Beautiful dreams: Deconstructing discourses of redemption in Darko’s Beyond the Horizon (1995), Unigwe’s On Black Sisters’ Street (2009), Adichie’s Americanah (2013) and Mbue’s Behold the Dreamers (2016)
Keywords:African descent, diaspora, female characters, home, identity, immigrants, the West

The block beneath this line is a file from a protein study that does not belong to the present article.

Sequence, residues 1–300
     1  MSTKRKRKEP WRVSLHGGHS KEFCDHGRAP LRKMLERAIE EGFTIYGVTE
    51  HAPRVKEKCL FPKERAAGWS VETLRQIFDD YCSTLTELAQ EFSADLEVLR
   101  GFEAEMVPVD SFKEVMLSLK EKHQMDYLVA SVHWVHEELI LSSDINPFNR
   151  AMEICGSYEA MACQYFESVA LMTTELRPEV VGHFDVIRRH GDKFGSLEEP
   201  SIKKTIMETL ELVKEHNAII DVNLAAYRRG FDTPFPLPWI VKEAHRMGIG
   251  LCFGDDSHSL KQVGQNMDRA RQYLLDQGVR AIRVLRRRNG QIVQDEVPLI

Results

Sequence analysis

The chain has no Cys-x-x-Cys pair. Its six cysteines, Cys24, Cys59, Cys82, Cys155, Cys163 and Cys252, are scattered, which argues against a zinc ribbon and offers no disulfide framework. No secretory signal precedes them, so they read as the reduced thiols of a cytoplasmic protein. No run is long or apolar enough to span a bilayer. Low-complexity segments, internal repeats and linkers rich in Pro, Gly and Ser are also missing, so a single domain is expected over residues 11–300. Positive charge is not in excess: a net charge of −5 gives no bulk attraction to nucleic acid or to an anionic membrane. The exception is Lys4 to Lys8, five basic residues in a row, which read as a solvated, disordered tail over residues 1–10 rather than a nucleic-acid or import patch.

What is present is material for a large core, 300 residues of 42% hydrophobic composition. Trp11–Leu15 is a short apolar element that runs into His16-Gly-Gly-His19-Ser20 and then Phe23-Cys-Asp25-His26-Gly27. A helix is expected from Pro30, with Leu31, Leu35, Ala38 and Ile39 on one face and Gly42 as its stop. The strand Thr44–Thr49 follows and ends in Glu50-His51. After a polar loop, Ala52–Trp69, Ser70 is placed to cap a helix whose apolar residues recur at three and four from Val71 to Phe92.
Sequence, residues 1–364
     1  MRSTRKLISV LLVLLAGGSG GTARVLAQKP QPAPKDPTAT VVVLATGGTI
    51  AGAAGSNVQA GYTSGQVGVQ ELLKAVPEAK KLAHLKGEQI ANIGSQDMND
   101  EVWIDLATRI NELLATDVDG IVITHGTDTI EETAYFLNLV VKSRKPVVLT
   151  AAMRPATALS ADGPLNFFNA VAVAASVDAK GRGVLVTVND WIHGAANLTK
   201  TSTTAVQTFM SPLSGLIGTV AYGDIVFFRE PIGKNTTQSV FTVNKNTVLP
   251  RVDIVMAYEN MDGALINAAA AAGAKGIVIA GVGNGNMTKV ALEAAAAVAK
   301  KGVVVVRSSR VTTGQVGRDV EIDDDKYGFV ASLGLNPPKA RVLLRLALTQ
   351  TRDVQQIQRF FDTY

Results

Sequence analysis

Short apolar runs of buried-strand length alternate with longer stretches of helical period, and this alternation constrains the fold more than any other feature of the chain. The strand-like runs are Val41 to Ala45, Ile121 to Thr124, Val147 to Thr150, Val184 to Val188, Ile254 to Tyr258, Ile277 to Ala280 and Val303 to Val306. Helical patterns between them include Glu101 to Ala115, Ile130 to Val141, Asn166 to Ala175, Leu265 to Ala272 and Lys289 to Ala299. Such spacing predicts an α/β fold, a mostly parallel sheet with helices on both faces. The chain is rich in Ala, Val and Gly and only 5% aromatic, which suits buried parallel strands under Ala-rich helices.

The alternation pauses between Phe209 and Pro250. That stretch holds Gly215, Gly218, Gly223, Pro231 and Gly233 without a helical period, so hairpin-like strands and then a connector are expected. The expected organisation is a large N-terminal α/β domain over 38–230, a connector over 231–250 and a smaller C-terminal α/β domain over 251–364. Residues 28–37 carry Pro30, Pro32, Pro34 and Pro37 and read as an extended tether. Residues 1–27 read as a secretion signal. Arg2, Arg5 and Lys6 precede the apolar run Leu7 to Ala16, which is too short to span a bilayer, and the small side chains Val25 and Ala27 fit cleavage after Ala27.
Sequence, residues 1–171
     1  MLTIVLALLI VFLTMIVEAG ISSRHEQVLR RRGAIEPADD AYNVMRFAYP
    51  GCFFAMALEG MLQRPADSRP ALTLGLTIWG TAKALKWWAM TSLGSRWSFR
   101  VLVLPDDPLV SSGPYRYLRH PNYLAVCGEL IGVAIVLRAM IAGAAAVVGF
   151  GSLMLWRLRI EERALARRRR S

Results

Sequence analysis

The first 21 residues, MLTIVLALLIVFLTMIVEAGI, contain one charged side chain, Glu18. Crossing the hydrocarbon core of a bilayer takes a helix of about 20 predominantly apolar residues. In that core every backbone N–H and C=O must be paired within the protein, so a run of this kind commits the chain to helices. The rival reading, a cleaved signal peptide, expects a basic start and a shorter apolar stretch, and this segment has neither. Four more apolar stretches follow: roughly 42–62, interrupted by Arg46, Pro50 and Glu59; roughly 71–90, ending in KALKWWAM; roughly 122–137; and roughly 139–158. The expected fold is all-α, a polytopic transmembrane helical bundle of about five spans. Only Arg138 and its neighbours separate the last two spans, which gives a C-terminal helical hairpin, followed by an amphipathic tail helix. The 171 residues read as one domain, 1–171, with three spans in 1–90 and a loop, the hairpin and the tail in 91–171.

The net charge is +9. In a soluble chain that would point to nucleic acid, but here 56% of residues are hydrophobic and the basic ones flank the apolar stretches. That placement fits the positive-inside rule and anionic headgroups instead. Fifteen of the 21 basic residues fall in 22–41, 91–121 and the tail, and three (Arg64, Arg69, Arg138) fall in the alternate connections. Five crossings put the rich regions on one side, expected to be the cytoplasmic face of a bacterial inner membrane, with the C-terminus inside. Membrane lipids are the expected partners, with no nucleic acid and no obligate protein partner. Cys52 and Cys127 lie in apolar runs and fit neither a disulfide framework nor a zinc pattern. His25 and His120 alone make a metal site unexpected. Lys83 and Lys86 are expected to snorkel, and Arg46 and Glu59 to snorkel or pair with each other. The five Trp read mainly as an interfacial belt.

This paper entails an analysis of how in their different particularities, Amma Darko’s Beyond the Horizon, Chika Unigwe’s On Black Sisters’ Street; Chimamanda Adichie’s Americanah and Imbolo Mbue’s Behold the Dreamers explore the underbelly of notions informing the discourse of a redemptive West for Africans located at the margins of globalisation. The analysis locates Chimamanda’s Americanah and Mbue’s Behold the Dreamers within the racialised polity in the USA, in the midst of either a global economic meltdown or individual inability to access the fruits of globalisation because of the fact of race or immigration status. It also explores how choicelessness in the job market in Europe informs the radical choice of persisting at the social and economic margins of Europe despite the harsh realities and outcomes in this choice. This paper demonstrates that the questions of place at particular moments in history force a revision of initial fantasy about the notions of the redemptive West. This textual analysis is informed by the postcolonial theory, as articulated by Robert Nichols and Homi Bhabha and their postulations on identity, ‘othering’ and ‘in-between spaces’.
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